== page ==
Earlier this spring, I asked Charlie Manuel if he'd be surprised if at some point in the near future Shane Victorino rattles off a season in which he hits 20, 25 home runs.
"I wouldn't be surprised at all," he responded, "because he has that kind of strength."
Look, nobody will ever confuse Victorino with Albert Pujols. And the Phillies would gladly take a season in which he hits .300 and reaches base in 36 percent of his plate appearances over a season in which he hits .250 with 25 home runs. But Victorino also isn't your typical diminuitive, speedy, contact-hitting, gold-glove center fielder. He's listed at 5-foot-9, 180 pounds, but he has a thick lower base, and is almost all muscle.
Problem is, over the last couple of seasons, he has been hitting in a spot in the line-up where making contact and reaching base and hitting to the proper side of the field are far more important than driving in runs. Which is part of the reason why the Phillies went out and signed Placido Polanco this offseason. Sure, Polanco is expected to significantly upgrade the two-hole. But Victorino's upgrade of the No. 6 or No. 7 hole could be just as important.
I broke down some numbers yesterday, comparing Victorino's production when hitting sixth or seventh compared with his production hitting first or second.
First, though, a few qualifiers:
1) Victorino is expected to enter the season hitting seventh, after Raul Ibanez and before Carlos Ruiz. But I wouldn't be surprised if he and Ibanez eventually flip-flop those spots. Victorino has plenty of experience hitting sixth, and it actually might make more sense to have Ibanez's power in the seven hole and Victorino's speed in the six-hole. That would present the possibility of Ibanez coming to the plate with two adept baserunners on in Jayson Werth and Shane Victorino.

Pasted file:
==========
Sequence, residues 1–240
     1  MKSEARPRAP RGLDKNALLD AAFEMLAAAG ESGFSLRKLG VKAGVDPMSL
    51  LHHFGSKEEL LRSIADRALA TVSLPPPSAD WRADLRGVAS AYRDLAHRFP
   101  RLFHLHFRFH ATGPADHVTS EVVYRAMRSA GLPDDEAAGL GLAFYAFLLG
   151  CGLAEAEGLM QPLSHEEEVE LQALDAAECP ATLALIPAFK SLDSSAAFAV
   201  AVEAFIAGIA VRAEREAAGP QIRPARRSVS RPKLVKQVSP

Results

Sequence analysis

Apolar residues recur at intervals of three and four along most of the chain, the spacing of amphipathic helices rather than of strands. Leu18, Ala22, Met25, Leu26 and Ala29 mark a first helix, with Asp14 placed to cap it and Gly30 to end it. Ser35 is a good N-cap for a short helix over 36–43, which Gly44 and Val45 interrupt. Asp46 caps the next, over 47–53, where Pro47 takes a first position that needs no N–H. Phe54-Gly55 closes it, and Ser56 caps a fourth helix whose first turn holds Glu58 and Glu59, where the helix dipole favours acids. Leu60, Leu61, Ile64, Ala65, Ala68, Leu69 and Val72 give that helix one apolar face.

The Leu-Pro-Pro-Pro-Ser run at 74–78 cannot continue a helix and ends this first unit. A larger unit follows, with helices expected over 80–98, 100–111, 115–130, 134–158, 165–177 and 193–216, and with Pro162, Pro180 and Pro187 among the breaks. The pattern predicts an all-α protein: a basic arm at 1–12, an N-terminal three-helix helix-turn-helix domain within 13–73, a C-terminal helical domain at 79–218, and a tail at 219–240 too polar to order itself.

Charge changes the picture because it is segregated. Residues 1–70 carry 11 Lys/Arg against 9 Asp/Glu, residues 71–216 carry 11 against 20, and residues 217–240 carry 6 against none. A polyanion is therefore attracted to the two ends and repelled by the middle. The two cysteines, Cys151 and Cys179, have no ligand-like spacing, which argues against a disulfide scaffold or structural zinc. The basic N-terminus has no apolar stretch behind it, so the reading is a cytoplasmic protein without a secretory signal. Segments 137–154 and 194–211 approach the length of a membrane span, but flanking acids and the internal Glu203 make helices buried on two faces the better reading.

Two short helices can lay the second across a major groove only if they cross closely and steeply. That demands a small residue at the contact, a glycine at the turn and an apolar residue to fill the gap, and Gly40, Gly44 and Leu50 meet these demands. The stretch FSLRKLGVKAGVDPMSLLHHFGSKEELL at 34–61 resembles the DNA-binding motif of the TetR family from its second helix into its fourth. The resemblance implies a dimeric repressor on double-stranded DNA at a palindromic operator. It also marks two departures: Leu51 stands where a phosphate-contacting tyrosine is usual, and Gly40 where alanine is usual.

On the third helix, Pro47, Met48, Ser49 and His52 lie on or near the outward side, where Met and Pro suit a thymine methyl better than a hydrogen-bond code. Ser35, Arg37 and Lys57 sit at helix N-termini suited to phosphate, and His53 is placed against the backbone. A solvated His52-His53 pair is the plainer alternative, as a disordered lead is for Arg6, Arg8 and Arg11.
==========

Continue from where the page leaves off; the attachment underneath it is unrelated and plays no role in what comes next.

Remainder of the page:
2) I noted earlier that it wouldn't be a surprise to see Victorino spend some time leading off this season. This, of course, depends on how Jimmy Rollins performed. We broke this scenario down further in a previous blog post, so feel free to look back on that. Victorino went 3-for-3 yesterday in the leadoff spot. But Rollins has had a very good spring.
Anyway, here are Victorino's numbers when hitting first or second (top), compared with his numbers when hitting sixth or seventh (bottom):
So over the course of his career, Victorino hits home runs twice as frequently when hitting at the bottom of the line-up as he does when hitting at the top.
The numbers also back up the Phillies' belief that a move down in the order will result in Victorino being placed into situations that are more suited to his skill set. Rather than worrying about moving Jimmy Rollins from first-to-third, or reaching base for Chase Utley and Ryan Howard, the Phillies think he will find himself in more situations where he is asked to drive in players like Jayson Werth and Raul Ibanez.
In an attempt to compare the situations faced by a normal Phillies No. 2 hitter and a normal Phillies No. 7 hitter, I looked at Pedro Feliz's numbers from last year, and compared them to Victorino's. The initial plan is for Victorino to replace Feliz at No. 7.
Anyway, here are those numbers.
Overall Plate Apperances
PAs w/ runners in scoring position
PAs w/ bases empty
PAs leading off an inning
A slightly higher percentage of Feliz's total PAs came with runners in scoring positions and leading off an inning.
Of course, Victorino will likely have fewer plate appearances than he would have had when batting second. So, to a certain extent, beauty is in the eye of the beholder.